Wednesday, July 31, 2019
Wednesday, July 24, 2019
People who teach mindfulness meditation often recommend counting breaths to keep the attention focused on the breath. Methods vary little, all some variation of counting to ten. Some recommend counting inhales and exhales, others count only exhales. Most count each breath from one to ten and then start over again at one. Another method has the meditator count exhales to ten, and then count exhales down from nine to zero. Repeat. But you get the point. Focus on the breath by counting each breath. If you lose your count, or realize you’ve counted past ten because your mind has wandered, just return to one and start over.
But sometimes the counting becomes so automatic, so routine, that I can count from one to ten and repeat, barely noticing the count, my mind wandering all the while. Little work with focused attention is being done. To counter this I learned a very effective counting method from James Austin at a workshop on Zen and the Brain.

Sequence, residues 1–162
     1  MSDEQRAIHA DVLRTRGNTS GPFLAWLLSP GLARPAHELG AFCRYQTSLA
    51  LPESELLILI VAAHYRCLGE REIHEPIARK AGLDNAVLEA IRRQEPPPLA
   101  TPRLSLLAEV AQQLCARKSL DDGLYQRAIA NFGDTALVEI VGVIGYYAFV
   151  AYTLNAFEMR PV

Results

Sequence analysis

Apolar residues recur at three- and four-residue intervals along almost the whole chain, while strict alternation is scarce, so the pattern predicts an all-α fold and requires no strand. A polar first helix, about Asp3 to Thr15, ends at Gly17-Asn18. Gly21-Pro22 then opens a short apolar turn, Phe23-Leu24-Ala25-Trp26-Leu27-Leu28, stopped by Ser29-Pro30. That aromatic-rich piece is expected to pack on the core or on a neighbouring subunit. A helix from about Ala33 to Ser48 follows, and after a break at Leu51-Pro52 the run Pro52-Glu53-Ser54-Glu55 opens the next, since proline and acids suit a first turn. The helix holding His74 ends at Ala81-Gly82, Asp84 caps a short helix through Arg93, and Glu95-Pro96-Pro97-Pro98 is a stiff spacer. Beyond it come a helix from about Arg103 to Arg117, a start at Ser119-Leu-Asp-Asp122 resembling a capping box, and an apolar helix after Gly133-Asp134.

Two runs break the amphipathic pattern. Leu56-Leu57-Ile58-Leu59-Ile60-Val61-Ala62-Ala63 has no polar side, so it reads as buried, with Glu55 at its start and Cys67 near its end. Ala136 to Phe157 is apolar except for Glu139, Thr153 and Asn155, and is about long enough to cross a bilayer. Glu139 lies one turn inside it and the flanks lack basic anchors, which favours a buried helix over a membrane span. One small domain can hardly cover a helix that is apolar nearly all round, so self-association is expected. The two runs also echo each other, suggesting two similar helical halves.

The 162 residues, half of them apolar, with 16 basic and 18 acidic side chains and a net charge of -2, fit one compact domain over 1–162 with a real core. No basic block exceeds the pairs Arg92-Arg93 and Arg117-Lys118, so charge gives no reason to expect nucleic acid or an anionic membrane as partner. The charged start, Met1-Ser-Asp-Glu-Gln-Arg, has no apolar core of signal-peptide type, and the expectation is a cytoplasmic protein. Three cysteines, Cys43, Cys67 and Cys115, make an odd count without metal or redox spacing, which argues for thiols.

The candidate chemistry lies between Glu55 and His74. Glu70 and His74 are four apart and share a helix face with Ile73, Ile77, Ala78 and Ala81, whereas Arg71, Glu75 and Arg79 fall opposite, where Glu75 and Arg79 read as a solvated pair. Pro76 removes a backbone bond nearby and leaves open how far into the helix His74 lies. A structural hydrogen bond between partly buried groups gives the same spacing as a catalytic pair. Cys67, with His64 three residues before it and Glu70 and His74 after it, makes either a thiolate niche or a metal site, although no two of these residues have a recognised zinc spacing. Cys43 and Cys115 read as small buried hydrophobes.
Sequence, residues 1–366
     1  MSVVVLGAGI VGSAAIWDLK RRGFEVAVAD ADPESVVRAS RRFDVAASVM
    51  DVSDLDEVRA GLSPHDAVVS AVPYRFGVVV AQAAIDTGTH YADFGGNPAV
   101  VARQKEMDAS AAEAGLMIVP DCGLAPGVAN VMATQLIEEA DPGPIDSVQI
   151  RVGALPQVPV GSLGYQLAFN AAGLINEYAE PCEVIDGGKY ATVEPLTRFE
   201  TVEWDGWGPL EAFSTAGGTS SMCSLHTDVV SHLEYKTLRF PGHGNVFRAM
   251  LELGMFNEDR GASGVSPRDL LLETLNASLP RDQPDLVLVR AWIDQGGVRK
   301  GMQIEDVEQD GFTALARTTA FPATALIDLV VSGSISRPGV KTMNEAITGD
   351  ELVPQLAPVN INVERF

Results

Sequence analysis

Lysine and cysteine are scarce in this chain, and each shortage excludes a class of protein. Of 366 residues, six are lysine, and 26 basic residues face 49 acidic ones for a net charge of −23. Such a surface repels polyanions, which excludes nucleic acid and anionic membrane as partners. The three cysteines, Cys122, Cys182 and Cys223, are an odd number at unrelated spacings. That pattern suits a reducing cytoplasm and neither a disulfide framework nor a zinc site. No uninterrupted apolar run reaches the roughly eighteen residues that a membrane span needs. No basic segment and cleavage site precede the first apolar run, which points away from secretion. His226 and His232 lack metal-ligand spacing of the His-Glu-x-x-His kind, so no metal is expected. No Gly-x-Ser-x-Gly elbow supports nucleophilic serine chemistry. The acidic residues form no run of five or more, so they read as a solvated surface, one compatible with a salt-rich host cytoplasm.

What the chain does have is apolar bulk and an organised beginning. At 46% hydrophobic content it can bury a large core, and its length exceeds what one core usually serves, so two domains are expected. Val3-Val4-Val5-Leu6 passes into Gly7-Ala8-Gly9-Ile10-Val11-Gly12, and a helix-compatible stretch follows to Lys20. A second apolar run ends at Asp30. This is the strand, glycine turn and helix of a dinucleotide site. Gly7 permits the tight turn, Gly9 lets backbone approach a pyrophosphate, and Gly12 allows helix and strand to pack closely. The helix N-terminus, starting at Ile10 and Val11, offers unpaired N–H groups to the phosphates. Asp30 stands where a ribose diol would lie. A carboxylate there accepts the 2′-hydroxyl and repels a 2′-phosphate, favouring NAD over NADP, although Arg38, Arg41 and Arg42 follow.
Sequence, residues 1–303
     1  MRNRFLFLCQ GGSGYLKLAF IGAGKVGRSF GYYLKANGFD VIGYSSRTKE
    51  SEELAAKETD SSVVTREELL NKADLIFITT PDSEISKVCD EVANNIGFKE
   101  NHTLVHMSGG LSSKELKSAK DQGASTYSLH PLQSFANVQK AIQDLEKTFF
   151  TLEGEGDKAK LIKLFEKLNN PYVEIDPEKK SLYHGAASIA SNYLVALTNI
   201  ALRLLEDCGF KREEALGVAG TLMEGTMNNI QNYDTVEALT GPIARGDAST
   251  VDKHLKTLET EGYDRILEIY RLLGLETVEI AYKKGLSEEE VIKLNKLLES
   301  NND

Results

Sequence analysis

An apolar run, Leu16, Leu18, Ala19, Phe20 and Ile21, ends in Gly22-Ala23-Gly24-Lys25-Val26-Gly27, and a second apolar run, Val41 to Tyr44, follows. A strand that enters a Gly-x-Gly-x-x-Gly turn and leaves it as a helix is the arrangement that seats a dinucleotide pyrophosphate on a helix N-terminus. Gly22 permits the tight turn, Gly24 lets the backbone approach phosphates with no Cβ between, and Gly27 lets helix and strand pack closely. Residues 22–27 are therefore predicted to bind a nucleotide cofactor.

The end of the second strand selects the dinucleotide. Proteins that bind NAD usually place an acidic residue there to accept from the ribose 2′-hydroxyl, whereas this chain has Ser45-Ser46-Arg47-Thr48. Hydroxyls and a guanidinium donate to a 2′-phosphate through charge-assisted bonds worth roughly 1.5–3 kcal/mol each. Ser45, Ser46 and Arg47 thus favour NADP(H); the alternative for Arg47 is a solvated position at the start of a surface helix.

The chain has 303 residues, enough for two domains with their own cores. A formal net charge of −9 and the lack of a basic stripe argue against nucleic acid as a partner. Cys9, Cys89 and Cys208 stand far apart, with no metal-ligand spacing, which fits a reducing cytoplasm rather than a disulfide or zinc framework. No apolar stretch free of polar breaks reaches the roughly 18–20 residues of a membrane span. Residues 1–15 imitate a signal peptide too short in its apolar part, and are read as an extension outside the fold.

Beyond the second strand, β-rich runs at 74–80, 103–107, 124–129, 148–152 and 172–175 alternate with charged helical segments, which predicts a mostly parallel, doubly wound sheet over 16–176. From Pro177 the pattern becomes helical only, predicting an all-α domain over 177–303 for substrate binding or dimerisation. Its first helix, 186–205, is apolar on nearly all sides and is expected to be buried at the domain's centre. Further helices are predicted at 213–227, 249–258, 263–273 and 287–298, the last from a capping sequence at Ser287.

Thursday, July 18, 2019
I've been posting some stuff from a book I'm working on. Here's more:
Years ago I sat as a student in an eight-week MBSR class. There was a woman sitting next to me who was disturbed about the class. During the second class she spoke up. She said she was an executive at a high stress firm, and she liked the pace. Type A-plus, she wanted to move fast and was afraid meditation would make her lose a step. She didn’t want to be all calm and laid back and warm feeling. She wanted to clear her head and be creative. She wondered if she shouldn’t be in the class. The teacher missed a tremendous teaching moment. Meditation could help her realize who she was, not change her into a person she didn’t want to be. The beauty of the practice is that it offers almost exactly what anyone wants to get out of it. For crying out loud, this same MBSR program trained military snipers. But the teacher told her she was wrong. She should be all calm and laid back and hippie-like. She would be so much happier. The woman left at break and never came back.
I swore then that if I ever taught it would be for people like her.